No effort is done to minimise jitter, apart of course from feeding the digital circuits a clean voltage. The MP-DAC relies purely on the Crystal receiver's PLL to keep things in pace. For connections the APN people specify a decent coax, with BNC connectors, as RCAs "cause reflections due to mismatch". Which leaves me wondering about the mismatch caused by the solder terminals and the circuit board that coax is connected to? Never mind ...
From a technical point of view the MP-DAC is a very nice piece of work, something into which has gone a great deal of effort to optimise the analogue section and the power supplies. And both these aspects make it rather unique in a digital audio realm where tiny transformers, cheap IC opamps, and uninspired textbook "engineering" still are the norm.
Now I can hear you mutter: What's the point in offering a DAC restricted to the standard 44.1k/16 CD format? Very easy question, although marketing droids and audio magazines, the villains, would want you believe otherwise.
There is no alternative format. Oh, 96kHz/24bit DACs do exist, and there is even the odd 192kHz compliant component out there. But there is no real consumer format available to benefit from these DACs. Take DAD, entirely embedded in DVD-Video. Yes, it is high-res audio. But not backed by the software community it will prove to be still-born, and further, the DVD players that really output a digital 96kHz stream on their S/PDIF port are 1) scarce (only Pioneer does this) and 2) quasi-illegal, as copy protection issues haven't been settled yet by the powers that be. In short: why bother?
The powers that be. They like a tough game. Competition's good for you. The powers that be. They pick horses for courses. They're the market forces. (Radio KAOS, Roger Waters. Who else?)
Then there are DVD-Audio, and of course renegades Philips' and Sony's SA-CD. Both hi-res. Again, both not legally enabling a full-resolution digital output stream. And if either of them, in the future, will have encrypted etcetera digital outputs, it will not be over the S/PDIF interface used by the DACs you can buy now. It will probably be over IEEE1394/Firewire, perhaps over USB or USB2. And believe me, the chances that DAC-vendors will offer retrofits to their older products are pretty slim: just look at the additional cost and complexity of, say, a full Firewire node.
The final source for high data rate audio is "upsampled" CD. If you believe in fairy tales, that is: what is lost remains lost. Otherwise we would have post-tax salary upsamplers (writing this from Belgium, with an over-50% ripoff, OK?). The only thing upsampling, itself just a fancy name for oversampling, buys you is that it enables you to use a new hi-speed DAC with a data rate slower than the one it was optimised for. And if that DAC happens to sound a little bit better, so then may your CDs. But I believe it is more a case of "different" than of "better"2: the upsampling process modifies the original data. It doesn't add information, and it changes, it has to change mutilate?), what there is. Hardly a valid option, but think of it, it does enable the high-end industry to sell you a few more boxes.
So, given the dearth of valid hi-res sources, and the abundance of ordinary CD software, there still seems to be a role for a 44.1kHz/16bit DAC. At least: for a good 44.1kHz/16bit DAC.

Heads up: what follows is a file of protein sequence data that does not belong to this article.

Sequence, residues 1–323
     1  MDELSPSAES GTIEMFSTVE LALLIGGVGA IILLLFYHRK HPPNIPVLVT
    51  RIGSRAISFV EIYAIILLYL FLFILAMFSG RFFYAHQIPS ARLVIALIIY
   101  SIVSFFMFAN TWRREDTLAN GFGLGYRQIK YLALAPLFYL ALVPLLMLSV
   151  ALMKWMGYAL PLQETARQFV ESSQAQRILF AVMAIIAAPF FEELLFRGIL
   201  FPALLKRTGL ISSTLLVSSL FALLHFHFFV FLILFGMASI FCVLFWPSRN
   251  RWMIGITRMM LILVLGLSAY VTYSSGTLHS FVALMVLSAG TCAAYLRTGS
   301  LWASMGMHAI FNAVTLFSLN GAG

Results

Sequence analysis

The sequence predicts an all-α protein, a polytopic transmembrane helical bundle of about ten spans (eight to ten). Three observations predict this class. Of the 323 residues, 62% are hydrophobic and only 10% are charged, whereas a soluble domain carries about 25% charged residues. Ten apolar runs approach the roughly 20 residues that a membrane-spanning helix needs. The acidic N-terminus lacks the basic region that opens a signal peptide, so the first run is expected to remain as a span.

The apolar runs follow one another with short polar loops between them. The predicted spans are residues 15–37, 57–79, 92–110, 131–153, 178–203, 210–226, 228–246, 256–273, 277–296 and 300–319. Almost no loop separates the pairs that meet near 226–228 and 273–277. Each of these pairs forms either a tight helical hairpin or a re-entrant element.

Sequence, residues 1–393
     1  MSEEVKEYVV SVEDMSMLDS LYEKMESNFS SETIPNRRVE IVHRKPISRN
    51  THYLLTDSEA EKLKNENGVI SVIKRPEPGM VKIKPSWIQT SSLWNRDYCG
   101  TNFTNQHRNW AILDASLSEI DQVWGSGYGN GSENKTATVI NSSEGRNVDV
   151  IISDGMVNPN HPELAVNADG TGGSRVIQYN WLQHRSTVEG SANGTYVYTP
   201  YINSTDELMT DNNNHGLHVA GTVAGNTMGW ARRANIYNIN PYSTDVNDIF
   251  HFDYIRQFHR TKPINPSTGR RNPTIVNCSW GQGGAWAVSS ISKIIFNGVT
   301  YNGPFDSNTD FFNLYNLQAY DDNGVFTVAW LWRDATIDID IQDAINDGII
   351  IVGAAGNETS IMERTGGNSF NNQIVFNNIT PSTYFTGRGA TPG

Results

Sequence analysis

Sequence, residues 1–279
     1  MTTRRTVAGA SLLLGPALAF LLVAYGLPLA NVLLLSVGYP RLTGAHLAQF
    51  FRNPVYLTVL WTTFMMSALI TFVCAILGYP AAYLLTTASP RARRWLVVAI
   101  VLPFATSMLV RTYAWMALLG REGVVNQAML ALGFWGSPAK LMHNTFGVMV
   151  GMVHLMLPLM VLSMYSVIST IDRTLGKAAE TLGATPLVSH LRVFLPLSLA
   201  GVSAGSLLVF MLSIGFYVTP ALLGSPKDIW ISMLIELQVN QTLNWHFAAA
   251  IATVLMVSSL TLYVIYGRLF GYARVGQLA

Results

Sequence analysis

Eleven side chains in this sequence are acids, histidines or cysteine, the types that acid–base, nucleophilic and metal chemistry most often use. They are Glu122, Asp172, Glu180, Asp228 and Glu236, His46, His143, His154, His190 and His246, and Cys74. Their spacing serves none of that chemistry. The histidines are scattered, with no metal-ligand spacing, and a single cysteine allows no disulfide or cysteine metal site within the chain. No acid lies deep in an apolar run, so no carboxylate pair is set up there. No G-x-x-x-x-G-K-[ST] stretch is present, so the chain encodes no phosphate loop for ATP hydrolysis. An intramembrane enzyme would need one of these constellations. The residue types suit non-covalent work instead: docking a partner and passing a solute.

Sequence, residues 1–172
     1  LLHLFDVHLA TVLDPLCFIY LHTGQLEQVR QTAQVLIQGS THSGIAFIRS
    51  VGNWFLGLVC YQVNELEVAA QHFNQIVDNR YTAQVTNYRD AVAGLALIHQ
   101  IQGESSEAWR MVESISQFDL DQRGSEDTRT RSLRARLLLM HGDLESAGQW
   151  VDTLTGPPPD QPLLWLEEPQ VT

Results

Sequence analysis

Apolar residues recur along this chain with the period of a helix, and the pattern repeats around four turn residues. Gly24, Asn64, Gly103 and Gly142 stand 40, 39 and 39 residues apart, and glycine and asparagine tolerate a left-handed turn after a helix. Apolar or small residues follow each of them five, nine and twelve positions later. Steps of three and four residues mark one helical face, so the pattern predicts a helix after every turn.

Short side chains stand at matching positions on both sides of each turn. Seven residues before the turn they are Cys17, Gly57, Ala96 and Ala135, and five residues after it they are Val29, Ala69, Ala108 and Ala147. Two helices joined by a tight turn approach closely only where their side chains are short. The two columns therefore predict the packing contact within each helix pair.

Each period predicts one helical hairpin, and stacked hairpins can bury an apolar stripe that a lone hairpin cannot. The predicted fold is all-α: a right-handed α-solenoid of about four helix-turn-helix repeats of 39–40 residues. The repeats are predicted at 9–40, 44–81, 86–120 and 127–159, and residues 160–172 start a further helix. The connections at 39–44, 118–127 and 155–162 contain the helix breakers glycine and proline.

Contrary to for
instance the Parts Connection's Assemblage DAC kits, this one really
is D-I-Y: you have to do everything, with as sole exception
drilling out holes in the housing. So be prepared to stuff three PCBs
with a couple of hundreds of components. Luckily these PCBs are very
well made and of a good layout, with solder masks applied.
Still, given the overall complexity I would not advise this kit to anyone with only basic soldering and electronics skills. APN claim construction will need about 10 hours. I spent about 20 hours soldering, but then I took my time, and especially in the analogue sections I took care of hand-matching components for optimal channel balance. Problems? No serious ones: My 15W Ersa home iron was not quite powerful enough to do the three or four solder joints that are embedded in massive ground planes. I had to revert to Low Melting Point silver solder to get these correct.
If you have access to a temperature-controlled soldering station you'll fare better. (We have Weller stations at the lab, but I did not care for the paperwork required for checking-in the MP-DAC - in N loose parts - at said over-secured location: Nosir, this is an audio component, Sir, not part of a new superconducting computer I'm trying to steal, Sir.) Further the holes drilled for the Elna Starget caps in the analogue section were too small. Not wanting to re-drill, as this could have wiped away the throughplating, I just blue-tacked the Elnas to the PCB and directly soldered their leads to the top of the solder pads, SMD-style. A few holes on the power supply board were undersized as well, but this board is single-side and hence could safely be re-drilled. I understood from APN that a new version of the PSU board is shipping now.
While previous MP-DAC incarnations came in a grey 19" housing, looking a bit macho, and with undeniably a low domestic acceptance factor, the device tested here came in a custom black-lacquered 44-cm wide case which is a bit boring (heck, they initially forgot the copper name plaque!), but which matched my Michell gear well (must be the colour), while vaguely reminding me of Sphinx electronics. Funny: Sphinx is Dutch, and good-sounding, too. As for the fit and finish of this housing: the latter was excellent, and the former, well: suffice to say that it required a bit of creative input on my behalf to make it do what it was intended to do.
As you know, my